It doesn’t change the fact that they have their happiness and you have yours to manage. You’ll do a lot better at being happy with yourself if you really don’t worry about what others do or don’t have.

  5. Lori says:


    You could use “but their grandma died” to feel better.

    I’m kind of glad no one in my family has any money. I’ll never have to worry about that creepy waiting-for-someone-to-die-so-I-can-have-a-new-car feeling.

  6. Oswegan says:


    A stomach ache.

    I can’t handle high fructose corn syrup anymore. It’s almost as bad as those Nascar Pringles I had for lunch.


  7. Johanna says:


    I really like the explanation of “enough” given in Your Money Or Your Life. They say (as I interpret it) that once you’ve met your basic needs, having more stuff makes you feel less fulfilled, not more, because it just makes you want more and more stuff. I have no idea whether that’s true or not, but it’s a nice idea to hang onto when you find yourself among people with a lot more stuff than you.

  8. !wanda says:

    I’ve read “But think about their debt load!” at least twice in this blog when Trent addresses “the neighbor’s” possessions. Isn’t it presumptuous to assume that your neighbors are in debt for these items? I know several people who are millionaires, although you’d never guess it from their age (mid-20’s to early 30’s), demeanor, dress, or housing. They really can afford that room half full of videogame equipment or that talking Acura or whatever. It seems best to focus on your own financial situation instead of speculating about or judging anyone else’s.

  9. Mariette says:

    Dana’s initial point is great, just be happy for them and hope that they are happy. What does what other people possess have to do with your needs and how you spend your money?

    Advertising is a very powerful thing and what makes it so it that feeling of lack and dissatisfaction that many of us have in our lives (we all get it from time to time, the “if only I had ____, I’d feel better” feeling. Advertising tries to fill in that blank. You’re right Trent in that often being aware of how advertising works can get you over that initial moment of being drawn in, but even the most media savvy and anti-consumer amongst us can fall prey to this.

  10. justin says:

    I must say, Coke made with corn syrup tastes like crap compared to coke made with sugar. No comparison at all. And the sugar based coke tastes sooooo much better

  11. Trent, I just found this site through a link on MSN Money, and I’m totally adding you to my RSS reader.

    The first thing you mention about turning off the TV REALLY works. My husband and I turned ours off in early 2002 and never looked back. We go to a friend’s house to watch the Patriots play football, and if there’s a show we MUST see, we watch it online or on DVD–no commercials! We noticed a huge difference in our spending habits just from avoiding commercials. Even our friends with kids never turn on the TV. If their kids want to watch something, they get to see (again) DVDs…and the bonus is that the parents know exactly what their kids are taking in.

    Have you ever read Maxx Barry’s novel “Syrup”? The mention of Coke made me think of it. Talk about the power of advertising. :D

  12. Steve says:

    Justin, where do you get sugar-laden coke instead of HFCS-laden?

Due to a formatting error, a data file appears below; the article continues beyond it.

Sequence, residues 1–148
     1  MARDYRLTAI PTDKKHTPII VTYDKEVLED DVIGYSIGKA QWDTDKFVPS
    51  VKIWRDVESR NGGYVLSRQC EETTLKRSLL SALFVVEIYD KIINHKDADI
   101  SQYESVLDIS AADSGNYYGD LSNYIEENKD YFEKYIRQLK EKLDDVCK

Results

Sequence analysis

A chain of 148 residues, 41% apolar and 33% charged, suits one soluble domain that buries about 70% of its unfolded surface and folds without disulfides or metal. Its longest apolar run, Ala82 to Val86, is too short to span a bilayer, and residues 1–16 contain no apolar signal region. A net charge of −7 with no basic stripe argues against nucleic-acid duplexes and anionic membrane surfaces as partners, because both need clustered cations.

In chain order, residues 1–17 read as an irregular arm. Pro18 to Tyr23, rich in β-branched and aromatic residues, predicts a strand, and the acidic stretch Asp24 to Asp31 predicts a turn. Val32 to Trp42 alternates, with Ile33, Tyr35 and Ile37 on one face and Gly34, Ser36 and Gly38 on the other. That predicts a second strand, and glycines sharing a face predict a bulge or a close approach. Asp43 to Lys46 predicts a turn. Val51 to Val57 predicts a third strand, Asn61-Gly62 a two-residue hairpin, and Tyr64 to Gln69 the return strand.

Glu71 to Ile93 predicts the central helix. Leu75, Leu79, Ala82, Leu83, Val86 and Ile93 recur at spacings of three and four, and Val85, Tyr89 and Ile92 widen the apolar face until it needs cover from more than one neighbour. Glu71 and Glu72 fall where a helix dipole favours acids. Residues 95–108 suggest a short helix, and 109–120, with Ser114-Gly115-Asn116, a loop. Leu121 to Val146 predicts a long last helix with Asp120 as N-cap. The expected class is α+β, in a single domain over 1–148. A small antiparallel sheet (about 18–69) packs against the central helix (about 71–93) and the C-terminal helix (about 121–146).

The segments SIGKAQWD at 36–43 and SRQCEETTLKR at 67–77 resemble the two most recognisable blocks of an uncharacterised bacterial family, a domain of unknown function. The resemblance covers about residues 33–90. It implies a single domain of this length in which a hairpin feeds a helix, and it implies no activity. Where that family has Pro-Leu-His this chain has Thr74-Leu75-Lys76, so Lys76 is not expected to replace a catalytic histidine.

13. Steve says:

    BTW, HFCS is really the secret to America’s obesity epidemic. Exercise and all that also, true, but highly concentrated fructose is the #1 cause.

  14. s says:

    Steve: Costco. Or select specialty candy stores and mexican restaurants. It’s “made in mexico” Coke and it comes in a glass bottle.

  15. s says:

    Steve (again): I have no data to prove or disprove your statement about HFCS. But it definitely is at least a large contributor. I hate it, and try to avoid it.

    The problem with your argument is that in many (probably a large majority) of cases, that HFSC would just be replaced with regular sugar. Which is arguably “better” but still has the same calorie content.

    The other side is that it is likely that with the higher cost of cane sugar people would consume less. If you want to start a debate — argue something relating to the corn subsidies leading to HFCS being cheap therefore making sweet snacks/sodas cheap. And how THAT leads to the obesity epidemic :).

  16. Steve says:

    Thanks for the coke pointers, s!

    Whenever I include anything with HFCS in my diet over a sustained period of time (3 days or so), I just notice myself feeling more lethargic, sleepy and just generally sluggish. My weight does go up too. Interestingly, not so with cane sugar. HFCS is truly evil – I avoid it like the plague. It’s really everywhere – bread, coke, ketchup, non-100% fruit juices, chocolate milk, just about everything. But I’ve discovered brands of each of these that are HFCS-free, they taste great and feel light. OroWheat whole wheat bread without HFCS – what a discovery that was :)!

  17. Steve says:

    Oh, and though I’ve just posted my own experience above, I have also read scientific material about the effects of high fructose corn syrup, books about corn subsidies and how some 90% or so of the American diet today is just corn-derived because of said subsidies. So it’s not just anecdotal for me.

  18. Rob in Madrid says:

    to those people who took the inheritance and up sized everything. I suspect it won’t be long before there back in debt, things breakdown and get old and they won’t have an inheritance to fall back on. Personally they would have been better off putting into investments which would replace the salary and allow to “chuck the job” a much more pleasant thought than a new Beamer.